Justinian's greatest general, and one of Byzantium's Great Captains, Belisarius was one of the rare non-imperial Byzantine figures to retain a hold on the Western European imagination.

He *may* be the bearded figure to Justinian's right in the famous Ravenna mosaic at San Vitale Church.

This would be appropriate, because Belisarius would be Justinian's right hand in the campaigns to restore the Western part of the Empire. However, Justinian's paranoid streak perennially hamstrung Belisarius, who nonetheless worked miracles time and again in defeating barbarian armies with grossly inferior numbers, first vanquishing the Vandal kingdom, then defeating the Ostrogoths and liberating Rome herself. Sadly, he lacked the resources to finish off the Ostrogoths, and the latter rallied. The resultant generation of warfare, which finally ended in the Goths' defeat, led to horrific destruction throughout the peninsula. The ravages of war meant that the invading Lombards in the 570s-80s were able to conquer most of northern Italy and finally confine the Byzantines to the Mezzogiorno and Sicily by the middle of the 8th Century.

Justinian's paranoia--probably exacerbated by Belisarius' wife's actual political manuevering while the Emperor was stricken with the plague--finally got the better of him, and Belisarius was removed from office in the middle of the Gothic War. Justinian, paranoid as he was, still knew a talent when he saw one, reattached his right hand when the Bulgars threatened the provinces to the north of Constantinople. Once again, with an inferior force, Belisarius prevailed and routed the barbarians. He would die within a few months of Justinian in 565, a tragedy in many ways, not least that the Empire would need a military genius to address the multiplicity of threats that would hobble it over the next decade.

Interestingly, the West remembered both Belisarius and Justinian's ingratitude in the form of legends about a blind Belisarius being reduced to beggary.

Belisarius also survives in two popular works I've read, the fine and straightforward historical fiction of Count Belisarius by Robert Graves, and the slam-bang science fiction homage of Steve Stirling and David Drake, The General.

The General fictionalizes and transposes the campaigns of Belisarius to the future, on a planet settled by humans after the discovery of interstellar travel and the subsequent collapse of that civilization. The Belisarius figure, Raj Whitehall, a descendant of Texas settlers in a Spanglish speaking Byzantium analogue, is assisted by a very diverse group of loyal lieutenants, a loving wife and one slightly sardonic intelligent computer which survived the collapse. Five books in all, but very fun, and available in two omnibus hardcover editions, Warlord (the first two books)and Conqueror (the concluding three).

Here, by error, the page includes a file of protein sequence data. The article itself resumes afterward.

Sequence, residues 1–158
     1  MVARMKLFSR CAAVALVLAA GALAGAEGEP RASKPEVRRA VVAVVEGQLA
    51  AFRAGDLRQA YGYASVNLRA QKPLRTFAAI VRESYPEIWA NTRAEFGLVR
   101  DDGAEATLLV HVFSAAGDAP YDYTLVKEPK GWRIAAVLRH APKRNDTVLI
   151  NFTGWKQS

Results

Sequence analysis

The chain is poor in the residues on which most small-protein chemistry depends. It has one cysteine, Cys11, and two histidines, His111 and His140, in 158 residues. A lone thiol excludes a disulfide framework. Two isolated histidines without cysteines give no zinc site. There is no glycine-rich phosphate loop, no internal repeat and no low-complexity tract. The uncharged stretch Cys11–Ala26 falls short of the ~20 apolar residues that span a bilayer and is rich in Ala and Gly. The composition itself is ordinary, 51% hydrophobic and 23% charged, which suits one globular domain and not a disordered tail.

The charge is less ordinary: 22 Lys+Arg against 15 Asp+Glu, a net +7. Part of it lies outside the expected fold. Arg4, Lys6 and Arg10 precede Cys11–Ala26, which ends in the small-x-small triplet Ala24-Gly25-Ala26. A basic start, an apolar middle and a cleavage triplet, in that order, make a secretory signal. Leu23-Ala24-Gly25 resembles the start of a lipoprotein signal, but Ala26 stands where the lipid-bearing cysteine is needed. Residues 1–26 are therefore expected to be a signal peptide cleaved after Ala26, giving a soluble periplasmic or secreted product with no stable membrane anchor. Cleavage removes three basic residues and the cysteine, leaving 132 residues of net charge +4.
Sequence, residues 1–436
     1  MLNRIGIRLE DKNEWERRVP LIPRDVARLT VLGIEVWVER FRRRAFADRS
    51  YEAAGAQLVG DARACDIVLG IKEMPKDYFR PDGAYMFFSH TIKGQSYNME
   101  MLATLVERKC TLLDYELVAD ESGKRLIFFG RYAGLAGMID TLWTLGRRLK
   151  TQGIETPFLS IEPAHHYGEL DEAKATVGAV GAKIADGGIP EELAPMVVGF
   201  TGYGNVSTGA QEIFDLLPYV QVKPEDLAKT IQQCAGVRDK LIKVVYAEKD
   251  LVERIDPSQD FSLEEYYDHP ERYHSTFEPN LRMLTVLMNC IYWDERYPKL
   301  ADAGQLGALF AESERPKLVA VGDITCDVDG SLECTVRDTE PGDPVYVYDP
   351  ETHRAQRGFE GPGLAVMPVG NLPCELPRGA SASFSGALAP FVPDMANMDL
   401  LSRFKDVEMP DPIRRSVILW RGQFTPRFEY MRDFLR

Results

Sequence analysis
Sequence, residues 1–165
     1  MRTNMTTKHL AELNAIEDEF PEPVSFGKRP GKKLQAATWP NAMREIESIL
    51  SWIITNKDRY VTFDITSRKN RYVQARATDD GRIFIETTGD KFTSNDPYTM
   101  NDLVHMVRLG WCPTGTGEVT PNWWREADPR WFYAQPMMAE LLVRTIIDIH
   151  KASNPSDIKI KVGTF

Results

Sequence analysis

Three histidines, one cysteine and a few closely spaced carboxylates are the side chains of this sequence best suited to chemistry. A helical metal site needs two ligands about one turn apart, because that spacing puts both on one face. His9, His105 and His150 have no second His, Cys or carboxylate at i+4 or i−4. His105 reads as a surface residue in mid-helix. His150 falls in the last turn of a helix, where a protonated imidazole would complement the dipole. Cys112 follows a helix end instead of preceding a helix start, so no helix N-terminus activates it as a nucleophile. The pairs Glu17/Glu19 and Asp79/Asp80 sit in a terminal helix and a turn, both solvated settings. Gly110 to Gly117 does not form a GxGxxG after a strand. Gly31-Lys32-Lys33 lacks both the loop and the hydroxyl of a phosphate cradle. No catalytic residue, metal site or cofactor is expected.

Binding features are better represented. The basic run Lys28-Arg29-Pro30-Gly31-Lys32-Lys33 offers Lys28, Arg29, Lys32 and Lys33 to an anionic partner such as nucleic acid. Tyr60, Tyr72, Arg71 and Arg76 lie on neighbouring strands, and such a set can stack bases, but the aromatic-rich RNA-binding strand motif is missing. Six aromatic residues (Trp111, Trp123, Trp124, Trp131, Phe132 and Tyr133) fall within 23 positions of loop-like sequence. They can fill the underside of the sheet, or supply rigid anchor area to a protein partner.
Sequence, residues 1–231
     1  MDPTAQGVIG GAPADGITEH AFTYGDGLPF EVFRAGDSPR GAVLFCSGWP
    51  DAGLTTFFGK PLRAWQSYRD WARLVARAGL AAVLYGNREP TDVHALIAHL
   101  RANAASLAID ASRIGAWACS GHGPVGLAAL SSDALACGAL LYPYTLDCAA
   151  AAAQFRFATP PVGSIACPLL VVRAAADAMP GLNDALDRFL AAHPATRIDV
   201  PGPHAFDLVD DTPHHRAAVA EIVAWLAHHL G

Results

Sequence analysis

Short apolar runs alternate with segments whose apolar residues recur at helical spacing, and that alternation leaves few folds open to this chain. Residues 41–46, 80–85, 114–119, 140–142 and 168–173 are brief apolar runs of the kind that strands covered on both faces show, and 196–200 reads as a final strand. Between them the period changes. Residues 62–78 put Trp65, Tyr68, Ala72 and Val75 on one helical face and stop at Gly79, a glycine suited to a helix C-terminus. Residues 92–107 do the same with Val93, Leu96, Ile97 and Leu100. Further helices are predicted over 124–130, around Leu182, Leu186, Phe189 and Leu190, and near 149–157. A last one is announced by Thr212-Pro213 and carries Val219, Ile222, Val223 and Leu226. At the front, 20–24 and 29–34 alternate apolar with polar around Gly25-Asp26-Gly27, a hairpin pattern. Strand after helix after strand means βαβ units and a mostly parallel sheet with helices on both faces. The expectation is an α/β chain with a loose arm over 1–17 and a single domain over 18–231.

Remember the Culbreaths in your prayers.

The California heatwave and wildfires are affecting them, too.

Best Imaginary Mascot.

Twitchy the Martyr! [Content Warning regarding the rest of the site, too.]

That was exciting.

An F/A-18 (I think--definitely a modern fighter) just banked over the Detroit River, low and moving fast. Northbound.

Yep, apparently I still have 9/11 reflexes.

[Update, 12:40pm: I've heard it twice, in the distance. Sounds like it gets close, then banks away.]

[Update II: We have an explanation--it was an F-18, and it was a flyover for the Gold Cup powerboat races this weekend.]

Thursday, July 10, 2008

You Catholic girls start much too late...

Congratulations to Nicole Kidman and Keith Urban on the birth of their daughter, Sunday Rose.

Another source said the name is her last jab at Scientology. "Nicole is a Catholic, and Sunday was an important religious day for her until she was involved in Sc----ology," said the source. "She's still bitter about her experience with Sc----ology and the fact her baby’s name could be perceived as one last jab doesn't exactly upset her."

As Glenn Reynolds would say, "Heh."

Welcome back, sister! May all of you have many blessed years together.

Wednesday, July 09, 2008

Pansy Moss once again extends her lead to three.

Go on over and congratulate the expectant Mom.

BTW, the Moss Place has long been one of my favorite mom blogs, so add it to your bookmarks.

Or, should you be of the conviction that my opinion smells like a used diaper filled with Indian food, give it a try anyway. Stopped clocks, etc.

Steve has spoken. The case is closed.

Over at Inside Catholic, whereupon Mr. Skojec definitively ends the church breastfeeding brawl in favor of discreet nursing.

Naught more needs to be said.

Tuesday, July 08, 2008

The Traditionalist Spring.

Read this entire essay by John Zmirak, which is upbeat, clear-eyed, and radiates hope.

If bishops faithfully follow the Holy Father’s wishes—which apparently now extend to training new priests to say both rites—it will work miracles at luring back the scandalized souls of the 70s. It will gradually convince the gun-shy, self-styled Traditionalists to poke around at their old parishes. This will take time, of course. Given the sheer number of falsehoods imposed on Catholic laymen trying to schlep our way to Heaven by “highly placed officials” and the committees who loved them, is it any wonder that when some people learned the truth, they became a little… suspicious? No wonder so many of those people I met at reluctantly tolerated “indult” Latin Masses—it was easier, in some places, to get permission for gay-sponsored Dignity liturgies—carried plastic grocery bags full of poorly printed pamphlets with the names of “cardinals who are 33rd degree Freemasons.” It wasn’t so much a sign of a “schismatic mentality” (although that exists) as a symptom of Post-Conciliar Stress Disorder. I once adopted a beagle whose previous master used to beat him; he still winces whenever I try to pet him. But he’s learning to trust….